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Locating the Will and checking its validity.

Where can I find the Will?
Validity of the Will
Important Issues for YOUR Will
Principle Registry Address
Probate Registry Address

Where can I find the Will?

Under England and Wales law there is no requirement to register a Will once it is prepared, unlike Spain, for example where every Will prepared must be registered before death at a central registry. Before a person dies the Will is considered their private, personal property and no-one can demand to see it. Following a death and once a Grant has been issued then the Will and the Grant are public domain documents and can be viewed by anyone for a small fee.

So, what happens between the death and obtaining the Grant?

You may know or suspect there is a Will, but where can it be found? You may be a named executor or a close family member needing to locate the most recent Will or just need to check whether the person who has died even prepared one. Hopefully, the person who died had previously let the relevant executor or close family know where they have left their Will, but this isn’t always the case.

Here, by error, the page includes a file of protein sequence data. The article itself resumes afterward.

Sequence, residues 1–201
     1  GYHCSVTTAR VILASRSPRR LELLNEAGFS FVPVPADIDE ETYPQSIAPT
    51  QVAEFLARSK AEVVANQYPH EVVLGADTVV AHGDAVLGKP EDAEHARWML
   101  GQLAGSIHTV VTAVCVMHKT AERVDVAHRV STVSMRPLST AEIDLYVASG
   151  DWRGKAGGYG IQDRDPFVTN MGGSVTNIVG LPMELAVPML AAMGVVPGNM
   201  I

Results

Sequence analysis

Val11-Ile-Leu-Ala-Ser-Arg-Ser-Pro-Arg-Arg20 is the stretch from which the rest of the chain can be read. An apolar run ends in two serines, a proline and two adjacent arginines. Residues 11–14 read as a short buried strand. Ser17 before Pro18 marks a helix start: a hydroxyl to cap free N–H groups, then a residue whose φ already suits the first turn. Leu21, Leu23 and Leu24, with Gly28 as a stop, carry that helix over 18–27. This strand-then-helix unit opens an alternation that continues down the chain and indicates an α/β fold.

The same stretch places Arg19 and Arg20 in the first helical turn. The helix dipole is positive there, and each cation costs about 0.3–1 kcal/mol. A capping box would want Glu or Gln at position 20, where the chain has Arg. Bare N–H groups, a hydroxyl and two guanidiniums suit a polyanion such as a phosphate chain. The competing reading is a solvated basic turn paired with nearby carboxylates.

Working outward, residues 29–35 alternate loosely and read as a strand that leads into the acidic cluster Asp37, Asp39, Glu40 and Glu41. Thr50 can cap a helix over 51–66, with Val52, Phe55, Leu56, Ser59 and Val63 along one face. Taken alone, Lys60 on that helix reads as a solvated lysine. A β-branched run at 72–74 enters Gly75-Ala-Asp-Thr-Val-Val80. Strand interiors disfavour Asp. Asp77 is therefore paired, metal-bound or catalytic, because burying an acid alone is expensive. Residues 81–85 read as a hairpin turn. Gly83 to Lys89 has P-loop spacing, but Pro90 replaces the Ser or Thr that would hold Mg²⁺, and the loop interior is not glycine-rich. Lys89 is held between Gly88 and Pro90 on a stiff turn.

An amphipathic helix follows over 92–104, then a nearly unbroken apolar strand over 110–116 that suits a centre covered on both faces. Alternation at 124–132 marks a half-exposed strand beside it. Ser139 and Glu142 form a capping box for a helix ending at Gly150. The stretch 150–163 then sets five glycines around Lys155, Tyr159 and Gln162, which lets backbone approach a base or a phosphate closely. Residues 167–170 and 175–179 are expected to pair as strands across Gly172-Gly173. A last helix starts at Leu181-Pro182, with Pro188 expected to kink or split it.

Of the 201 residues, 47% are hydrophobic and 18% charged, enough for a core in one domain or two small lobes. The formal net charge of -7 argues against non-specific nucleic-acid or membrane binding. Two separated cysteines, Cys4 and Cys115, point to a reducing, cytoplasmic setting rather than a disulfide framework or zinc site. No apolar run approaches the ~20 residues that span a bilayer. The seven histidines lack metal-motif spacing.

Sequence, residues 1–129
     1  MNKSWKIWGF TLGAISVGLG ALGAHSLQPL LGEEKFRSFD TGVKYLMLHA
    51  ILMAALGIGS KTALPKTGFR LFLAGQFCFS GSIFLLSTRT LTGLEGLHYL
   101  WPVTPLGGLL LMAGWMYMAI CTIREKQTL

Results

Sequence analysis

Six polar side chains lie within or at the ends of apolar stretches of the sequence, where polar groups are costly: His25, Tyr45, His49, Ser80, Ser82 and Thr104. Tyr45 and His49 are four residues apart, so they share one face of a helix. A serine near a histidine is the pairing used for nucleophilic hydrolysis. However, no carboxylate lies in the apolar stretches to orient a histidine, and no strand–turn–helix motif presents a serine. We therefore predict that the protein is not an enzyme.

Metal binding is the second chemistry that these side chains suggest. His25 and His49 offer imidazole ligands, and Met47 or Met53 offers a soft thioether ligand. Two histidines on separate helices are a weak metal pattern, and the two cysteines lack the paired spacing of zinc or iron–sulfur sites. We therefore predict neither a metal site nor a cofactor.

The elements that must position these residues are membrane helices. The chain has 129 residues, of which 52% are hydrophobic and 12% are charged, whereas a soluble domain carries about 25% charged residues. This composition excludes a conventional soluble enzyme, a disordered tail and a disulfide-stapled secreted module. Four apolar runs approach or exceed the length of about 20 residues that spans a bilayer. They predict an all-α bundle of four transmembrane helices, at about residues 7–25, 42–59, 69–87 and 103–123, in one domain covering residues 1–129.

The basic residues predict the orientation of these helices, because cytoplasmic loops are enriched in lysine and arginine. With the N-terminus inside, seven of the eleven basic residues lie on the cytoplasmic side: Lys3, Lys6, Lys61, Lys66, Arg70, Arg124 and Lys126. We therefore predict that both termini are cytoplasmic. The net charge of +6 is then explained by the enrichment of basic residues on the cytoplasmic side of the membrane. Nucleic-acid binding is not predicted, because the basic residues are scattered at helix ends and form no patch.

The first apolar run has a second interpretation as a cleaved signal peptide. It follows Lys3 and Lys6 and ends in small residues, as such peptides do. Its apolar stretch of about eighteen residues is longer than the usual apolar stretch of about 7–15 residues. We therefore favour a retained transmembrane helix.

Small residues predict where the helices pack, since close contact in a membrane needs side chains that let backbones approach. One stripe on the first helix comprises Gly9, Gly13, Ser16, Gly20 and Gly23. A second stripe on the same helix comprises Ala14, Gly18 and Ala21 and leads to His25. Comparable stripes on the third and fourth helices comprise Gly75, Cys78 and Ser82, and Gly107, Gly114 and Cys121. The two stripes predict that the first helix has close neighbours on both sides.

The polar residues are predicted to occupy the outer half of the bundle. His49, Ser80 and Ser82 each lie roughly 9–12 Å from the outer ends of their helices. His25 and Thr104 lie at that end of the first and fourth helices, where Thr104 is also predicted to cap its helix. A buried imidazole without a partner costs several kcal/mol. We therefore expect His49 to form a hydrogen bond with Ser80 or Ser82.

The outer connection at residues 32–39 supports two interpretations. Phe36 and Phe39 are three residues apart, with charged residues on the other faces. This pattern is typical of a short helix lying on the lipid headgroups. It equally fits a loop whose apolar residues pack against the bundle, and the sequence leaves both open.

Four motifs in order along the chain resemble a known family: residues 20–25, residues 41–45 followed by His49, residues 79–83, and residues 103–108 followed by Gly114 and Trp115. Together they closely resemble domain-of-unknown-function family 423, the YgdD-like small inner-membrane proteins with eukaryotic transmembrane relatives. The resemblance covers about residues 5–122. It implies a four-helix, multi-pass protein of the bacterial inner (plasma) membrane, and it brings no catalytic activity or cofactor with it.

In the first instance, you would need to search the deceased’s personal belongings. You may not locate the original Will but there may be some indication of where it may be stored, such as a solicitor’s letter, or documentation relating to the storage of the Will. It would be sensible to then contact the firm or company on the documentation and ask them if they hold the Will, explaining the situation. It may be necessary to provide an official copy of the death certificate, before the organisation will confirm whether a Will is held. If someone had an accountant it may be worth contacting them too, if you cannot find any documentation specifically about the Will.